What seems like a spontaneous display of interest in California fashion designers was brought about by two occurrences: an alarming downturn in pattern sales that began in 1976, and the realization that most home sewers thought high fashion designer labels were too complicated and difficult to sew. The companies hoped that these new California labels would seem inspiring without being intimidating. They also hoped the new looks would bring back a customer who was wearing more pants, fewer dresses and sewing for herself less often. Like Jessica McClintock, a few designer labels would be long term sellers, keeping some of the departing sewing masses in the fold.

Most information for this article came from an April 16, 1979 news article “Pattern Makers Heading West for Designs for Middle America” written by west coast fashion journalist, Marylou Luther, who wrote for the “Los Angeles Times”.

Below is an incomplete inventory of the California designer patterns, starting in the 1970’s. Most are currently available for sale online. If you have more pattern numbers to add to the lists, please feel free to leave them in the comment’s section, thanks!

McCalls:
Norma Fink “Theodore”: McCall’s: 6770
Bob Mackie: McCall’s: 6840 (1979)
Nancy Heller: McCall’s:, 8783, 9040 (80s), 9055 (1984)
Singer and Spicer: McCalls: 6756
Carol Little “Saint-Tropez West”: McCall’s: 6725, 6726, 7983(1982), 8816 (1983)

Simplicity:
Harriet Selwyn “Fragments”: Simplicity: 8648 (1978), 8905 (1979)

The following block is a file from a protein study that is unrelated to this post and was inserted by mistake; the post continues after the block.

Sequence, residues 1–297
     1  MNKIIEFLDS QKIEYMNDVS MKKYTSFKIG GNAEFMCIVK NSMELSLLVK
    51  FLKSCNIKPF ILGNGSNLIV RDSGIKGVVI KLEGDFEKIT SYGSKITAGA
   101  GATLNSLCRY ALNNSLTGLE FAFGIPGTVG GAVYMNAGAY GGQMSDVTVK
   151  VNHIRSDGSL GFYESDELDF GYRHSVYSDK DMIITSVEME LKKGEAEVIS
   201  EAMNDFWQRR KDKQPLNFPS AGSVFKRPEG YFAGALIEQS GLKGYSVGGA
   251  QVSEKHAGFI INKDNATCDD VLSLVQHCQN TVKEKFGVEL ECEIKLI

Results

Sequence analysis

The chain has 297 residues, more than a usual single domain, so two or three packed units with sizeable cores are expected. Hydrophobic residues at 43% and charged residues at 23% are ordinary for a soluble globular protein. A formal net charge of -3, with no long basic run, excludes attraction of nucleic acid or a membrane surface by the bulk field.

Dennis Goldsmith: Simplicity: 8589(1988), 9193 (1989), 9856 (1990), 9885 (1990, girl’s)
Holly’s Harp: Simplicity: 8645, 8646 (1978), 9177 (1979)
Nancy Heller: Simplicity: 8607
Jessica McClintock, “Gunne Sax”: Simplicity: 6270, 6271 (1983), 9350 (1979), 8907, 8947, 8223 (1987), 8224 (1987), 7563 (1991), 8985 (1989, girls), 8671, 9558, 9100, 6883, 6361 (1983)

Butterick:
Nancy Stolkin: Butterick: 6579, 6581
Jane Tise “Sweet Baby Jane”: Butterick: 4096, 4098, 4099, 4100, 4391, 4642, 5049, 5050, 5051, 5283, 5990, 5991, 5992, 5993, 6330, 6331, 6332, 6412, 6681, 6682, 6683, 6684

Vogue:
Edith Head: Vogue, American Designers: 1560, 1803, 1895, 1896, 2041, 2221, 2335, 2560, 2561, 2831, 2832, 2923

5 comments:

Lizzie - The Vintage traveler said...

Interesting.

I was sewing during this period, and some of my very favorite patterns were by Jane Tise. There was one particular blouse pattern that I must have made 5 or 6 times!

Lizzie

Bijoux said...

Would you point me in the direction of where to find the Edith Head patterns on-line?

Thanks.

Bijoux

Jen O said...

Lizzie: Those Jane Tise patterns are still terrific!

Bijoux: If you look under "vintage" on Etsy.com, and search for "Edith Head patterns" you will find a full page of patterns there for sale. Have fun!

Callie said...

Thanks so much for this post! I absolutely love learning about the "history" of vintage sewing patterns. Great job and very interesting read!

Apricots Boutique said...

Also, in the 70s there was John Kloss for Butterick and Stephen Burrows for McCalls. Betsey Johnson also had a line of patterns for Butterick